I am currently finishing episode 14 of the podcast. Hopefully it will be out early next week, in the meantime here is a short photoessay of Ballybeg priory, Co. Cork.
Situated close to the medieval town of Buttevant in North Cork the priory itself is in pretty poor condition but is definately worth a look if your in the area. Ballybeg priory was an Augustine foundation constructed in 1229 and patronised by the de Barry family. The de Barry’s were an Anglo Norman family who conquered east Cork building numerous sites across the county including Barryscourt Castle. The priory was dedicated to the martyr St Thomas Beckett killed in mysterious circumstances by retainers of Henry II in 1170.
The 1916 proclamation, the manifesto of the 1916 rebels, states
“The Republic guarantees religious and civil liberty, equal rights and equal opportunities to all its citizens, and declares its resolve to pursue the happiness and prosperity of the whole nation and of all its parts, cherishing all the children of the nation equally, and oblivious of the differences carefully fostered by an alien government, which have divided a minority from the majority in the past.”
These noble aspirations would become almost a bible of Irish Republican ideals but little did the authors know that within six years, Irish people would have a chance to implement them after The War of Independence in 1922. However the society established after the war of independence “The Irish Free State” was a pale shadow of even the most modest interpretation of this document.
Civil liberties were almost non existent, citizens were not equal with women becoming second class while the poor were plunged further in destitution. The history of early Irish Independence is often passed over with a less than critical eye that glorifies state building at any cost. However behind this abstract veneer lies the story of a dark authoritarian regime based on repression, discrimination and censorship. This was enforced by deeply authoritarian attitudes underscored by severe catholic morality which stifled culture and allowed no political debate or opposition of any kind. By 1937 the “The Irish Free State” had created a society that had betrayed the ideals of what many had set out achieve two decades earlier. (more…)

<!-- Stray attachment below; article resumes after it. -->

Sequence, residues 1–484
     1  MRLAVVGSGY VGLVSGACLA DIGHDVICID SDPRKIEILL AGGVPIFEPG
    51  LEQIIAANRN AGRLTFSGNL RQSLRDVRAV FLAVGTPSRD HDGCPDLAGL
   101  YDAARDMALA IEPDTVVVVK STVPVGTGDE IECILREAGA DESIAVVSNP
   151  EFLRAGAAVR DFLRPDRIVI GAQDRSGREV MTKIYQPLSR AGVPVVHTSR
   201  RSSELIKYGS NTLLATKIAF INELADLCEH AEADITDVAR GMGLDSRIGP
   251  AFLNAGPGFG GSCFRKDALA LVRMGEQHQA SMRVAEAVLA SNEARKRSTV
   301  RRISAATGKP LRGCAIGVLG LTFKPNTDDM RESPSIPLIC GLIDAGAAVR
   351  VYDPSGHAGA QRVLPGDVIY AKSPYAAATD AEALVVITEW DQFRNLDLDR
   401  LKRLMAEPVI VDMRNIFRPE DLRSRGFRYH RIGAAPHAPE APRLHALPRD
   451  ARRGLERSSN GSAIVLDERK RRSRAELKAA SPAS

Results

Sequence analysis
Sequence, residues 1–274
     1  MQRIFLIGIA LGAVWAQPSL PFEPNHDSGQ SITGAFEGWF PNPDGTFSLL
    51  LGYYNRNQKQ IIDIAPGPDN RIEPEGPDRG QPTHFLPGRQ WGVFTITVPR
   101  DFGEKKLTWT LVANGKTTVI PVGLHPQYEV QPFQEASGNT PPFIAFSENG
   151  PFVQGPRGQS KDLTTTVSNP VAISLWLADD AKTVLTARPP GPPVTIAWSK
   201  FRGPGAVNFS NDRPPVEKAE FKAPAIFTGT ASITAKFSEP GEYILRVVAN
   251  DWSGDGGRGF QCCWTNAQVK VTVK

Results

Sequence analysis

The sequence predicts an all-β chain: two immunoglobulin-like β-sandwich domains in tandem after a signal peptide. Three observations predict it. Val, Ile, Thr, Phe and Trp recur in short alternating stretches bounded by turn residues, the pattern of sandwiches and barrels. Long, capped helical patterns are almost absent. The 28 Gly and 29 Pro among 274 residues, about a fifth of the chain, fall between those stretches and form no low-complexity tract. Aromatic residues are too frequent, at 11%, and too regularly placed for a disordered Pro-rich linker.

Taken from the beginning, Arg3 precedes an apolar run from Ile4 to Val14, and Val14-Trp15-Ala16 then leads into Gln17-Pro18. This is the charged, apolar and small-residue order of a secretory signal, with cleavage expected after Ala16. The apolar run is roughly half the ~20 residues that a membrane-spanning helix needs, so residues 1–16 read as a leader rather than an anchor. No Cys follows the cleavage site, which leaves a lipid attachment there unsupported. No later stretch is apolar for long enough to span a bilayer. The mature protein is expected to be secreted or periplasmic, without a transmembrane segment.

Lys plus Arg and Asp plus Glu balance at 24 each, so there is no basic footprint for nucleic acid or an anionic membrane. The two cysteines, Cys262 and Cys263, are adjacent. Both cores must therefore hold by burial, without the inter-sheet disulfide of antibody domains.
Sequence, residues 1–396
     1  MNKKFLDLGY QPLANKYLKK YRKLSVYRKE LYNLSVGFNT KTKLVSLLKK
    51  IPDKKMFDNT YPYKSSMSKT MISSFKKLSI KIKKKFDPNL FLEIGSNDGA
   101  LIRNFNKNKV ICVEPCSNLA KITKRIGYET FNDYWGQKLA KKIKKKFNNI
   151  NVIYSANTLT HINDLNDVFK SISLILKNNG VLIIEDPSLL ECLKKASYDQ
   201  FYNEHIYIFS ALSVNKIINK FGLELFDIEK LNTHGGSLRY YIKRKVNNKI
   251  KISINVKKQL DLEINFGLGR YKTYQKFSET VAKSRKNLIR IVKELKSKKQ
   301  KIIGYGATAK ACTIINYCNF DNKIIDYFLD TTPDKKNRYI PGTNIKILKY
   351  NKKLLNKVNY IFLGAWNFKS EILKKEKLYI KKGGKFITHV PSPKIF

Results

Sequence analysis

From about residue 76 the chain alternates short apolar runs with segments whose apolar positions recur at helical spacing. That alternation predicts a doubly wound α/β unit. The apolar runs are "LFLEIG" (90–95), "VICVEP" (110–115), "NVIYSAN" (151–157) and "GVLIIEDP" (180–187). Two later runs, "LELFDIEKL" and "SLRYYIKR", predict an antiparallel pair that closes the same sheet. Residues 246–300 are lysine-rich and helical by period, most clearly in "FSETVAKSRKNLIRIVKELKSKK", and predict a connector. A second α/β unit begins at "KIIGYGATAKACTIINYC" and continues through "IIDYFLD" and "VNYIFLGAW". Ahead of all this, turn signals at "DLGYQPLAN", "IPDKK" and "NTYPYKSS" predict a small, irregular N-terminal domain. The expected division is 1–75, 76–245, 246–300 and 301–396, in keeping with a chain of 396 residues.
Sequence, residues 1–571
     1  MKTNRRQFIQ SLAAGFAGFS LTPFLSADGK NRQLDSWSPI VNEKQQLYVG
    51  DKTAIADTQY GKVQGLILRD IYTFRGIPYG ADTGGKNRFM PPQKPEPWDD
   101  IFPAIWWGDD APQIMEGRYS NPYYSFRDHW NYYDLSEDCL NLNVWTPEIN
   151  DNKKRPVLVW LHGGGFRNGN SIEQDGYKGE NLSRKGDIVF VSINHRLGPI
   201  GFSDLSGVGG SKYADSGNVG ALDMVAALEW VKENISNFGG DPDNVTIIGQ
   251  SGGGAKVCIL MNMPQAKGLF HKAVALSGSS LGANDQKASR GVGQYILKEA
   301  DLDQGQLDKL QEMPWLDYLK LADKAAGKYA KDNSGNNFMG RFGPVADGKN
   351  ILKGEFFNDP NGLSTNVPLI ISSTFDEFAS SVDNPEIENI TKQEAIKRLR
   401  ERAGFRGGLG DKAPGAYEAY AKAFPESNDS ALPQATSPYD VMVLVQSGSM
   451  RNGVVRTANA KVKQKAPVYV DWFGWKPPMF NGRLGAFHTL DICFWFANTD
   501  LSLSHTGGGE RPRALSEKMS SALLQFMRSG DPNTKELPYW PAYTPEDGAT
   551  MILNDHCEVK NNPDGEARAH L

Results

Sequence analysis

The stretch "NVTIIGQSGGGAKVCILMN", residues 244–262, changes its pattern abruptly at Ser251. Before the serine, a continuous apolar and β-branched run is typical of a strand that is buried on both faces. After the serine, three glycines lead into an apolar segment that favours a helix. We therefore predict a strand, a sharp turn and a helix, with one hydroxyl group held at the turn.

In the film adaptation of “The Field”, the parish priest proclaims Christianity to be a “thin veneer” over Irish people, in a derogatory reference both the people and pre-Christian Paganism alike. This idea of Christianity being a thin veneer runs contrary to the notion of medieval Ireland being an “island of saints and scholars” but is there any truth to this idea? Exactly how Christian was early Irish Christianity?
Episode 7: Around the world on March 17th, millions of people will attend St Patrick’s day parades in memory of the man who supposedly “converted the Irish to Christianity”. He is a figure shrouded in mystery and myth but in this podcast we examine the truth behind the one time slave and famous bishop Patrick. Tune in to hear the real history behind Ireland’s conversion, who St. Patrick really was and how he become associated with snakes and shamrocks….
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As the 18th century drew to a close the catholic church in Ireland was optimistic about its future. It had survived a century of repression emerging relatively intact and as the century drew to a close full catholic emancipation was on the horizon. Through the following century the Catholic Church in Ireland enjoyed a meteoric rise in power. This rise in fortunes is reflected closely in one of Dublin’s most famous churches – St Peter’s, Phibsboro (left), now one of the most famous landmarks on the north side of Dublin. It dominates the skyline with a 200ft tall spire but just like Catholicism in the 19th century it began in far more humble conditions. (more…)
I am 32 year old historian, archaeologist and blogger. I have published a book on life in medieval Ireland entitled 'Witches, Spies and Stockholm Syndrome, life in Medieval Ireland'. I also organise tours of medieval Dublin, available on request.